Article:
Get Stronger Faster: Learn Better Overhead Press Techniques
Last updated: June 29, 2020
Many sports and hobbies require a strong and mobile shoulder, such as fishing, volleyball, tennis, and any sport that involves throwing. An essential exercise to build a strength base for the shoulder is the standing overhead press.
We prefer to do standing overhead press as oppose to seated because it teaches the whole body how to effectively stabilize itself when lifting. Also, compound shoulder exercises such as the standing overhead press is more functional and practical than an isolation exercise such as the dumbbell lateral raise.
Therefore, right from the start when we un-rack the barbell to the end when we re-rack the barbell, we must establish and maintain a stable base of support. This involves full engagement of our legs, core, and back muscle.
The Overhead Press Sequence:
The Set-Up (Prior to un-racking the barbell):
FIRST: Get close to the bar
- Grip the bar just outside your shoulder width and palms facing away from your body.
- Your feet should be directly under the barbell, bend the knees slightly with your collar bones parallel to the barbell.
- Squeeze your shoulder blades back and downwards to engage the back muscles.
- Your elbows should be positioned directly under your wrists. Your shoulders will be placed in a more externally rotated position.
- HELPFUL TIP: Be careful to not overextend your back rather you should feel your upper back straightening!
SECOND: Brace the core
- Now take in a moderate amount of air by “breathing into the belly” so your belly puffs out slightly while engaging your core muscles. This is known as bracing the core.
- HELPFUL TIP: To help with core muscle engagement, imagine you were to punch yourself in the gut, your core would instictively brace to prevent any damage.
- With the core muscles engaged, the lower back will likely be in a more neutral position.
Un-racking and setting your feet:
Third: Drive the barbell up using your legs
- Drive the weight up by straightening your legs and hip.
- The barbell should be off the rack. The weight will be supported partially on your shoulders and collar bones, as well as, your hands. Take a step back away from the rack so it does not obstruct your exercise.
- Check your feet again: they should be roughly shoulder width apart. Minor adjustments are allowed depending on your comfort level.
- HELPFUL TIP: Now squeeze your lower body muscles to provide a stable base, especially the glutes and quadriceps muscles. Keep your legs engaged.
Performing the repetitions:
Fourth: Push up and over your head
- Start to push up the barbell, keeping the bar as close to your centre of gravity as possible. You may retract your chin slightly to keep the barbell close to your centre of gravity.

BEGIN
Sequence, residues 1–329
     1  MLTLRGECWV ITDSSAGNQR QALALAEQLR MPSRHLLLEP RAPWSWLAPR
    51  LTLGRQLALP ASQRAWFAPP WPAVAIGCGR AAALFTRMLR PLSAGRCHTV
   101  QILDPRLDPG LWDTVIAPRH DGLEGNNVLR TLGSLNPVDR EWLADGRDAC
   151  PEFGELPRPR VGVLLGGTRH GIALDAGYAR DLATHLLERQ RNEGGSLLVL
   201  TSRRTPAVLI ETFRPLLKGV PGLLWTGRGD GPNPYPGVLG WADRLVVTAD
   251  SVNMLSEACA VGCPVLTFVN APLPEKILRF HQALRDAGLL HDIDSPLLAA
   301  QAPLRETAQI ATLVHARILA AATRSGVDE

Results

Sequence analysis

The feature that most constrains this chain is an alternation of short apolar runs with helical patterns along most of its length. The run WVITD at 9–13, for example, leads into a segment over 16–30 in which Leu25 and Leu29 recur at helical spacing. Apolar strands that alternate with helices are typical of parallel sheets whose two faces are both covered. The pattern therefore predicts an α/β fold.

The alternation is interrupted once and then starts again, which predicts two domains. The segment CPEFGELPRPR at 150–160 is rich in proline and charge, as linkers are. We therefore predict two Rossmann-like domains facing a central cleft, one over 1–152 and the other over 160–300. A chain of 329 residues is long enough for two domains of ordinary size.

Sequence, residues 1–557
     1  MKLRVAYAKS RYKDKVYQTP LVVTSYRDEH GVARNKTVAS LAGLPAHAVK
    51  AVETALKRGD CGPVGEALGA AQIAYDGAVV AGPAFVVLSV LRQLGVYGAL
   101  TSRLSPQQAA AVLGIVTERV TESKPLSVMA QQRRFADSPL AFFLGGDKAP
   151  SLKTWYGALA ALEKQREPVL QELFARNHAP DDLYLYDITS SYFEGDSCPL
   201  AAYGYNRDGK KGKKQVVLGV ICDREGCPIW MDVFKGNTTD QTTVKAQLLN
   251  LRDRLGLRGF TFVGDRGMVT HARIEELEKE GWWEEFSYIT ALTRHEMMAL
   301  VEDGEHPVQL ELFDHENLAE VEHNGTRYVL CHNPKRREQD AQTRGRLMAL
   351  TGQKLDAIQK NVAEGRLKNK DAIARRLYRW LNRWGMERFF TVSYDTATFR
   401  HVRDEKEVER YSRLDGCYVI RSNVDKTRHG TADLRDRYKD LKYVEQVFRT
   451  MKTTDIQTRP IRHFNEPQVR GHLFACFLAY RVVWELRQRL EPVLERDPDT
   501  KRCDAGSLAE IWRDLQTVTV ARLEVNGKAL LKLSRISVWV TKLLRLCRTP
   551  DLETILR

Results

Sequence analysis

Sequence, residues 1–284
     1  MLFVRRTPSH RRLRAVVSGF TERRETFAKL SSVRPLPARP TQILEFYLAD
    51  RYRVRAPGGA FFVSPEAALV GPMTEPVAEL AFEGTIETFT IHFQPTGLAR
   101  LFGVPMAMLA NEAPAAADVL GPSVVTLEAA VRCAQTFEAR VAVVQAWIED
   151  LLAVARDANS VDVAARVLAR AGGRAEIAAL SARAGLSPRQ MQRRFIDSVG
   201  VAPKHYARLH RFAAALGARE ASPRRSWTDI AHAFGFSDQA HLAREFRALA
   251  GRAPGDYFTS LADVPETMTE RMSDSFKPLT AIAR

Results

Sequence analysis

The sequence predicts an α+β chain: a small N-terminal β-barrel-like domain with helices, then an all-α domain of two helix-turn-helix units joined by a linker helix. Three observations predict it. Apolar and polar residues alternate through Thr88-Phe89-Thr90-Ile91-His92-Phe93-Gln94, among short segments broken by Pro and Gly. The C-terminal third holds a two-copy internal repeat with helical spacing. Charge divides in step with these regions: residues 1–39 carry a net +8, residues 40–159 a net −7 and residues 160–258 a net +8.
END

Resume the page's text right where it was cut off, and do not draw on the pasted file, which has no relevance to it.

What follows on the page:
- As soon as the barbell clears your head, push your head forward again which will help the barbell travel up and slightly backwards so your shoulders and arms are completely engaged.
- HELPFUL TIP: You should barely see your elbows and push the barbell towards the back half of your head.
- At the top, your shoulders, elbows, wrists, hips and knees should be vertically aligned when viewed from the side.
- HELPFUL TIP: Make sure to engage your core throughout and avoid arching your back.
FIFTH: Lowering the barbell
- HELPFUL TIP: Be conscious to keep the elbows directly below the wrist at all times. A a common mistake is allowing the shoulder to go into internal rotation and elbow drops behind the wrist.
Re-racking the weight:
SIXTH: Walking the barbell to re-rack
- IMPORTANT: Never re-rack with your hands – always walk the barbell to the rack.
- Allow the barbell to come to rest partially on your shoulder and collarbones, as well as, your hands.
- HELPFUL TIP: Always engage your core when taking a step forward and lowering the barbell.
Overall key tips: It is best to use a top-down approach with the overhead press
- Get close to the bar with the bar at the level of your collar bones
- Try to keep the elbows forward so they’re right underneath your wrists
- Always brace the core throughout to help keep your back straight
- Drive the barbell up and slightly backwards towards the back half of your head
- Keep your legs engaged and ready when un-racking, performing the repetitions and re-racking the barbell. A common mistake to avoid is having floppy legs or having your legs go soft when performing repetitions.
Reps, reps, reps…
When learning a new exercise perform the exercise with light to moderate weights in the beginning, to learn correct form. Perform 3 sets – 10 to 15 repetitions each set. Gradually increase the weight in very small increments once a week. If you’re not sure how much weight to use, always start with the bar and gradually add 5-10 lbs at a time. As you become more proficient and confident with your technique, you can gradually use heavier loads to further stimulate the muscles to become stronger.
The advantage of compound exercises like this is that you can load the exercise heavily once you are confident with it. For example, for people with a lot of experience, they can safely use an extremely heavy weight that can only be done for 3 to 5 repetitions and 3 to 4 sets. But for most people who are not trying to become a serious weightlifter and just want stronger shoulders, a moderately heavy weight done for anywhere from 10 to 20 repetitions per set will also build a lot of shoulder strength.
It is best to focus on technique than focusing on adding too much weight. Remember, as a beginner, any weight will increase your strength; even a weight as low as 10 lbs can help build strength quickly. If you’re a more experienced weight-lifter, it’s enough to push with a good amount of weight for about 3-5 repetitions each set.
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